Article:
Watergate and the Washington Post: Questionable Tactics in Service to Democracy

By Tonei Glavinic
2012, Vol. 4 No. 02 | pg. 1/1

In their introduction to Journalism: The Democratic Craft, G. Stuart Adam and Roy Peter Clark write that “journalism is one manifestation of the right of free expression, a fundamental democratic freedom” (p. xvii). This is not a radical new concept. Yet as Adam and Clark go on to explain, journalism is also more than this: it is a necessary piece of the democratic structure itself, making writers “democracy’s stewards” (p. xviii). This means that journalists have a fundamental responsibility to pursue stories that further the interests of democracy, using any ethical means available.

A clear example of journalists fulfilling this responsibility, albeit in a way that pushed the boundaries of journalism ethics, is the work of Washington Post reporters Bob Woodward and Carl Bernstein exposing the Watergate scandal in 1972 and 1973. Though few would dispute the importance of their reporting, the pair at times engaged in tactics that were questionable at best. In his book Mightier than the Sword: How the News Media Have Shaped American History, Rodger Streitmatter writes that the Woodward and Bernstein “begged, lied, badgered sources, and, on occasion, broke the law” in order to get the leads and confirmations needed to run their stories (p. 215). They also made extensive use of anonymous sources, particularly W. Mark Felt (“Deep Throat”), the second-highest official in the FBI during the Watergate investigation. These decisions raise questions about whether the reporters’ work furthered the interests of democracy enough to justify their pushing of ethical boundaries.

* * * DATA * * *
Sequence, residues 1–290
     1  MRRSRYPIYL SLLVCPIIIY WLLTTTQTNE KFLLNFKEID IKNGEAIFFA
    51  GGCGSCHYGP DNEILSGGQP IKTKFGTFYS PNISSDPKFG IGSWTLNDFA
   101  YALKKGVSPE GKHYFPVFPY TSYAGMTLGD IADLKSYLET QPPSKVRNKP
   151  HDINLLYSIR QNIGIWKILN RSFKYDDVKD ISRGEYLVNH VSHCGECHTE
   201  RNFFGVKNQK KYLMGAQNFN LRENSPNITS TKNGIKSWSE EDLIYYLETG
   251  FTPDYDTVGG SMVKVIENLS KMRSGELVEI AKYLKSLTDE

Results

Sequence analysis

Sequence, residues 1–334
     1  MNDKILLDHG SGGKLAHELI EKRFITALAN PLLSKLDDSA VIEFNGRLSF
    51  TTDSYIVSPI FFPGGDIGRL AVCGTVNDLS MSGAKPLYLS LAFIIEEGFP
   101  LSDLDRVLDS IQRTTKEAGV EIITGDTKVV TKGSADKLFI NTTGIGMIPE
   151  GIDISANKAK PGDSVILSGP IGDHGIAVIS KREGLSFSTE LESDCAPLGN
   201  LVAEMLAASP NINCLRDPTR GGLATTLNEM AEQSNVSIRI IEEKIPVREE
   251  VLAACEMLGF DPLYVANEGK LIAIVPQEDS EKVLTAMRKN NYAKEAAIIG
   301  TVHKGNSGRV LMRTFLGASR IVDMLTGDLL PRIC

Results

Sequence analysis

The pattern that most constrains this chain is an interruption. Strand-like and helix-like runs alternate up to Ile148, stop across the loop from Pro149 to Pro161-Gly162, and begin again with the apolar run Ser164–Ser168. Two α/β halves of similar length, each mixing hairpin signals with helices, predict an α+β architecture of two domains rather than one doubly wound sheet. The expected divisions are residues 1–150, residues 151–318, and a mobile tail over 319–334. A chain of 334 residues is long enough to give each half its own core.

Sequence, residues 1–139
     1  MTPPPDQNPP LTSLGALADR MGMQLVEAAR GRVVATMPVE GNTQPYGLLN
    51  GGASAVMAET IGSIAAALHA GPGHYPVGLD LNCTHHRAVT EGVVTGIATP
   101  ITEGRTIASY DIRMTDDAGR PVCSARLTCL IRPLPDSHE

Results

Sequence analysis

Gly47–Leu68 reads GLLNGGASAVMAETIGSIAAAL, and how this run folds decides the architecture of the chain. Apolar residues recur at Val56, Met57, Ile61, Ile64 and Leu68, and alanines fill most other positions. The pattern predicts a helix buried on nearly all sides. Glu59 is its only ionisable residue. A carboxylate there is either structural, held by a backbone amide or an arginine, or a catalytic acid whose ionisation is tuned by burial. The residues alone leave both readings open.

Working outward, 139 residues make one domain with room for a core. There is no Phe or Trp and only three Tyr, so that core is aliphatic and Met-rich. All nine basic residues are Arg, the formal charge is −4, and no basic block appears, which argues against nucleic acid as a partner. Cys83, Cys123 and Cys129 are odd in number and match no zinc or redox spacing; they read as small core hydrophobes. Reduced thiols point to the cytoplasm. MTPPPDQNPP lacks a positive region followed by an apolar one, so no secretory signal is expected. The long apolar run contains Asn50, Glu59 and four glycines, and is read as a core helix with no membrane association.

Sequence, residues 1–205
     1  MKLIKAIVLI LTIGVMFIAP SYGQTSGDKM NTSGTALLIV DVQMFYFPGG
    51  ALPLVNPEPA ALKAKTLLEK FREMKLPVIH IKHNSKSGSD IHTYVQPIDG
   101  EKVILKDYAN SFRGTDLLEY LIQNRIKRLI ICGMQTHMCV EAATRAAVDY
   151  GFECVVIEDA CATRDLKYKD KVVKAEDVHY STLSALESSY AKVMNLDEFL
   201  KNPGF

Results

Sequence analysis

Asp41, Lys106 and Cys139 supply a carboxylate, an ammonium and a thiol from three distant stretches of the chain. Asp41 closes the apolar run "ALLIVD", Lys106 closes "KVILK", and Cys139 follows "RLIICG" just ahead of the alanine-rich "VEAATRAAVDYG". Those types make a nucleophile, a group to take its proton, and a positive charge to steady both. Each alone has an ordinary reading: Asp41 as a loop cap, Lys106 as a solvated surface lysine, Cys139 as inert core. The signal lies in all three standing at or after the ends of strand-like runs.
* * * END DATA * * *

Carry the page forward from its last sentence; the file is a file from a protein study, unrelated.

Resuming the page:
Woodward and Bernstein’s service to democracy can be evaluated by examining the pair’s adherence to the five values of collective life that Adam and Clark find in “journalism's best practices and protocols:” truth, empiricism, verification, impartiality, and clarity (p. xvii). If the reporters were able to maintain these values in the course of their investigation, then they will have satisfied Adam and Clark’s test of professional integrity in the service of democracy, and it can be said that Woodward and Bernstein’s tactics were outweighed by the ends they achieved.


Truth is the elusive goal of investigative journalism. Unlike traditional journalists, whose facts are generally straightforward and sources are assumed to be trustworthy unless proven otherwise, investigative journalists must not only collect information but also establish its credibility and justify that to others (Ettema and Glasser). This requires a level of diligence and careful analysis not found in everyday reporting.

Woodward and Bernstein had to do even more justification than most investigative reporters, because for much of the investigation the Post was the only newspaper reporting on the scandal (Streitmatter, p. 216-7). Yet the paper’s tenacity allowed its reporters to work over the course of several months to piece together the story and establish that the Watergate break-in was much more than the “third-rate burglary” dismissed by the White House and most of the reporters in its briefing room (Streitmatter, p. 211). The nearly impeccable accuracy with which they did so clearly demonstrates that the desire for truth was present throughout the course of their investigation.